2Ti 2:24-26  “And the servant of the Lord must not strive; but be gentle unto all men, apt to teach, patient, In meekness instructing those that oppose themselves; if God peradventure will give them repentance to the acknowledging of the truth; And that they may recover themselves out of the snare of the devil, who are taken captive by him at his will.”

Paul had previously given instructions to avoid questions that lead to strife. Such things are unprofitable for the Lord’s people. If it is unprofitable for the Lord’s people, then it is not honoring Him. Avoiding this type of striving is not merely a suggestion.

The servant of the Lord must not strive. If we are indeed His bondman, we are under a charge to avoid quarreling and warring against our brothers and sisters. Even if our thoughts are right, willingly destroying our brothers and sisters to prove a point is not. We are not serving our Lord with such an attitude.

His word tells us to be kind (gentle) unto all men. The Greek root of this word translated as “all” means “all, any, every, the whole (see Strong’s).” There is no one, regardless of their status, that we, the servants of the Lord, should not be kind to. Even in defense of the truth, we should never forsake kindness.

Rather than simply demanding conformity, we should have a tendency toward teaching (sharing instruction). Paul himself said he persuaded men because he knew he was God’s servant (2 Cor 5:11-13). This may also require us to suffer long (be patient) at times. Remember that Paul has already told us to endure hardness as good soldiers.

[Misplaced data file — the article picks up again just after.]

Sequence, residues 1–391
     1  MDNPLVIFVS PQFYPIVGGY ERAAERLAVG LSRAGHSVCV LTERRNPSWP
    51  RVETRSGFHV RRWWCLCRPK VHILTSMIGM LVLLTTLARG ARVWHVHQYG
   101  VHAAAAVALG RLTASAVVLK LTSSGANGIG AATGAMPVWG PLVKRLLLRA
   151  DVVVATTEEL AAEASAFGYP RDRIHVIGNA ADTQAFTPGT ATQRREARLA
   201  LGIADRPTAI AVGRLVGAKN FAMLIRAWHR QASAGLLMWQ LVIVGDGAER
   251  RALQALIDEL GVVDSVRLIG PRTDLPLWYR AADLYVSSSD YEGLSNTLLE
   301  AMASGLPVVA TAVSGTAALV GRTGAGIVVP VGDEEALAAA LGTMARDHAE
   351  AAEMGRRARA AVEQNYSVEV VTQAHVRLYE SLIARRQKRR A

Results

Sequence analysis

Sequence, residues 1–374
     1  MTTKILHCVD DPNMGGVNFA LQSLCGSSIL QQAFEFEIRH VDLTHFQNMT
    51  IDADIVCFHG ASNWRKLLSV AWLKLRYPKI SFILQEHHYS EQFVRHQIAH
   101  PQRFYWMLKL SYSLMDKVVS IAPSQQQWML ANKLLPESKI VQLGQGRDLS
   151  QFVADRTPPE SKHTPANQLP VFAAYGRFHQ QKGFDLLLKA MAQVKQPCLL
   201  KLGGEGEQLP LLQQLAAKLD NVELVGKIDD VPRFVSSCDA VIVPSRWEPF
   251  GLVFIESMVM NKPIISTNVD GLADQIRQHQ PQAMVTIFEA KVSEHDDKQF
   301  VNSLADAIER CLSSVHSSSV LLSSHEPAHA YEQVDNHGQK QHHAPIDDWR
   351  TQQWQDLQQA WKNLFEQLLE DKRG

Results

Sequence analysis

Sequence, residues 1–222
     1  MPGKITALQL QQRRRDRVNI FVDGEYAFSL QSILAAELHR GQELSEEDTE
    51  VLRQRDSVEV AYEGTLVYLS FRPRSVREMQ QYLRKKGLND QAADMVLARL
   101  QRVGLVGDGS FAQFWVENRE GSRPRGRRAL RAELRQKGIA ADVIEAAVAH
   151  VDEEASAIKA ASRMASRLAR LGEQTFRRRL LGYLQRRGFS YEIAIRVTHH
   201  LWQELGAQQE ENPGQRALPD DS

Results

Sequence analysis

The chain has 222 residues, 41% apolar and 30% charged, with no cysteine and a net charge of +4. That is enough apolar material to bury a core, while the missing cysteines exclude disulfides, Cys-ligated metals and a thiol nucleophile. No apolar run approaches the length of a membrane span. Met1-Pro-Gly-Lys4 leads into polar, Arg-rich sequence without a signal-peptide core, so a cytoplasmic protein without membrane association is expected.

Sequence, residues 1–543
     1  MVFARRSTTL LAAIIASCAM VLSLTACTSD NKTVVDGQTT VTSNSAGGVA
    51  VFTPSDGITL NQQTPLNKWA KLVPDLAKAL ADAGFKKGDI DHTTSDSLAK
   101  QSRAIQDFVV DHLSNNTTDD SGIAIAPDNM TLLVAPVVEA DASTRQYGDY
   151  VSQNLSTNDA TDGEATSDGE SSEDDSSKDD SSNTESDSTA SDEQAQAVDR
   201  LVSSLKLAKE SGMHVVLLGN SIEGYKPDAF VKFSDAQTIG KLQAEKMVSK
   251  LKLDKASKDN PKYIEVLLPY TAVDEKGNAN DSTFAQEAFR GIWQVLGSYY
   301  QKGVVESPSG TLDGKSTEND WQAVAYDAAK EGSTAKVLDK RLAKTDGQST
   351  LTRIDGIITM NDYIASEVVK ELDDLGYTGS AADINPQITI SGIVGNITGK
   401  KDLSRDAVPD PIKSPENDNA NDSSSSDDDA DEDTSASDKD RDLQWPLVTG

We are to educate (instruct) those that oppose us with humility and kindness (meekness). Also, if it is the truth of God that they are resisting, we need to note that they are not only in opposition to us but to themselves. In refusing the good word of God fitly spoken, we do harm to ourselves, opposing the very counsel that would lead us to peace, joy, and fellowship in Him. Our instruction should never come with an “I told you so” attitude.

It should be our desire that God would give them repentance from vain babblings. Please note how this repentance is going to come. Men will not do this for themselves. Only when God gives them repentance will they be able to acknowledge the truth.

Also notice that if God is pleased to give repentance, then there is an expectation concerning those who receive it. Our desire should be to see them regain their senses (recover themselves – see Strong’s) and escape the vain conversations that have held them captive. Paul calls this the work of the devil. His language here also points out again that greater is He that is in us (God) than he that is in the world (the devil).

As servants of God, we cannot teach from a position of strife. We cannot decide who is worthy to hear His word. The effect that His word has on others is not up to us. Our job is to be inclined to instruct all men with patience and kindness.

May God make us willing and obedient to go where He sends us and say what He tells us with true love and humility toward Him and His people!


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